Back to school!

How can I help my child transition from the swimming pool to study hall?

It can be hard for kids to leave behind the freedom of summer and trudge back into the classroom. However, the beginning of school is an important and exciting time for parents and children. Whether it’s the first day of kindergarten or the first year of high school, a few simple back-to-school preparations can help make the start of a new school year smoother for your children.

First, it is important for your child to be caught up on immunization shots. In fact, most states require children to be immunized before they can attend school. Even if your child has all of the required vaccines, call to make sure that the school has them on file — many children will not be allowed into their classrooms unless their health records are up-to-date.

Some of the necessary immunization shots include the hepatitis B vaccine; the pneumococcal conjugate vaccine (PCV), which prevents pneumonia and meningitis; the diphtheria, tetanus and pertussis vaccine (DTaP); the polio vaccine (IPV); and the measles, mumps and rubella vaccine (MMR). Children entering middle school should receive second diphtheria, tetanus and pertussis, and measles, mumps and rubella vaccines. Check with your child’s doctor to make sure her immunizations are current.

Regular physical exams are important as well. The end of summer/beginning of fall is a good time to schedule eye and dental exams, and allergy checkups. If your children have medications that need to be taken during the day, it is a good idea to talk with the school nurse about amount and time. Also, children who participate in sports will benefit from an athletic physical. This pre-season exam can help identify any conditions that may limit ability or lead to injury.

Ensuring a healthy lifestyle for your children outside the doctor’s office is important as well — especially when it comes to nutrition — and you can make sure that they start off the school year with good eating habits. Studies have shown that children who eat breakfast are more attentive in class, earn higher math grades and have fewer behavioral problems. If your children are running short on time in the mornings, you can prepare simple, nutritious breakfasts that they can eat while waiting for the bus or riding to school.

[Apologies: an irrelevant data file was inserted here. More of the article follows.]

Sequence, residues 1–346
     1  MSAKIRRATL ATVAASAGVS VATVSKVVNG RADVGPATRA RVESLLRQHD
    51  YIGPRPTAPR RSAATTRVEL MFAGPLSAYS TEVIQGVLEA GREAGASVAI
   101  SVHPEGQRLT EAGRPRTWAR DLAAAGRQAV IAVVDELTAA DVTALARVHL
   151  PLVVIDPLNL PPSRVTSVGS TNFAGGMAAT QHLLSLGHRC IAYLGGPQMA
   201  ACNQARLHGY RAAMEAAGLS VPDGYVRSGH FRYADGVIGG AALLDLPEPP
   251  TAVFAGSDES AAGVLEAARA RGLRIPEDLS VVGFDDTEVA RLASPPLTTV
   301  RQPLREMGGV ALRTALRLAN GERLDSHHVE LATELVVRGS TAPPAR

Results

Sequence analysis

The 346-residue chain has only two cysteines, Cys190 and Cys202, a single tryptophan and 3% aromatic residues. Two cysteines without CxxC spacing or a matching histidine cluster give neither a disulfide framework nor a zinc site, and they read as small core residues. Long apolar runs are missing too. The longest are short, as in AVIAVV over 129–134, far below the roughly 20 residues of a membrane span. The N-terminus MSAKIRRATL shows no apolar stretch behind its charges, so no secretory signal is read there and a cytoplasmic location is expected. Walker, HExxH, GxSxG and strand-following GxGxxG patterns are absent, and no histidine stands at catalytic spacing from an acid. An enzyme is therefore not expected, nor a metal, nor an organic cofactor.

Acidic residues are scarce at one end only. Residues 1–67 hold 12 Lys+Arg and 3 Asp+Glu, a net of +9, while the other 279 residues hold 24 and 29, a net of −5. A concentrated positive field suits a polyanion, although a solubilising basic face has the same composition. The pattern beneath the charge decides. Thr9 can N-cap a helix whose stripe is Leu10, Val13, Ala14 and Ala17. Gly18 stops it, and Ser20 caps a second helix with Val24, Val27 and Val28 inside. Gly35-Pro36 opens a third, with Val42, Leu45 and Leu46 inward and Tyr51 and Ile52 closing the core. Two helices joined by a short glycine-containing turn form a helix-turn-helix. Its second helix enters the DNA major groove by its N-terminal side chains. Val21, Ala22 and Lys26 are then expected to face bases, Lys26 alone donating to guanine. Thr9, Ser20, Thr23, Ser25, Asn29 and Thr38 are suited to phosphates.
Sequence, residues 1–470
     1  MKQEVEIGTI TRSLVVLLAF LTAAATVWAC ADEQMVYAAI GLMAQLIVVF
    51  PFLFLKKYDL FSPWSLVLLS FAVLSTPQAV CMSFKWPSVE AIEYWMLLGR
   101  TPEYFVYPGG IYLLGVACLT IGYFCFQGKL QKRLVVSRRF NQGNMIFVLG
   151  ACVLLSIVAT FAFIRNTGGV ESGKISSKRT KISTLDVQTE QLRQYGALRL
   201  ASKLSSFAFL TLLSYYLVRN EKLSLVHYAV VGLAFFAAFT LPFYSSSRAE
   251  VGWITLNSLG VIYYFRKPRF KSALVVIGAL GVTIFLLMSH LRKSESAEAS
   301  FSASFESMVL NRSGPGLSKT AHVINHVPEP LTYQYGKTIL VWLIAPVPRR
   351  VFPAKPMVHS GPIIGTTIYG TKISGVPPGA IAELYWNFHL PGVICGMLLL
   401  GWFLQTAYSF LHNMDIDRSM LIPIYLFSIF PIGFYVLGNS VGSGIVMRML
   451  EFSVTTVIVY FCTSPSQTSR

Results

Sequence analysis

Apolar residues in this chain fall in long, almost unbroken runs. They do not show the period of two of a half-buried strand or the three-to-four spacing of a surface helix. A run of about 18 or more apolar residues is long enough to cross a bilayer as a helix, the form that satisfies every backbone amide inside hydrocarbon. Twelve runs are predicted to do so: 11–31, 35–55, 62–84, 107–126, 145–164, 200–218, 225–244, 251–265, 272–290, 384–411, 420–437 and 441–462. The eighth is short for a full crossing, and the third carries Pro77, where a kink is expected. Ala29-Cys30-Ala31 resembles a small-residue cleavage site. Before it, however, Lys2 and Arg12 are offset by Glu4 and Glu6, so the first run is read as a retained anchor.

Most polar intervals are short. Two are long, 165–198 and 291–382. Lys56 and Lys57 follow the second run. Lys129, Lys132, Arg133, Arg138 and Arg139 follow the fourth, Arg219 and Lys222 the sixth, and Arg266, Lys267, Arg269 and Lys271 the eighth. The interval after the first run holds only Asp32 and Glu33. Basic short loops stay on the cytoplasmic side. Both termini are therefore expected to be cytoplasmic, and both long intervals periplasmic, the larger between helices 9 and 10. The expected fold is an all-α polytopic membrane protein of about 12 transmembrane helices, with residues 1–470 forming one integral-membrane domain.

Some easy meals include sliced fruit with whole wheat bagels and cream cheese, whole grain banana muffins, multigrain toast with peanut butter or shredded cheese, and yogurt with granola as a topping.

Your children’s emotional needs are important as well; starting a new grade or a new school can be unsettling for some children. They may be nervous about raising their hands in class or making new friends. However, parents can do a few simple things to help their children adjust to these changes, including addressing any concerns with teachers, and encouraging participation in after-school activities, such as drama, dance or sports teams. All of these extracurricular activities make it easier for children to make new friends with similar interests.

Heart-healthy activities can help build a stronger immune system, reduce the risk of type 2 diabetes, and strengthen the entire cardiovascular system, including the heart and lungs.

For more information about making the transition back to school easier for your children, contact the nurse or guidance counselor at your children’s school or your family physician. Your children will forget the end-of-summer blues as soon as they realize that the school year can offer as much fun and excitement as their summer vacation!

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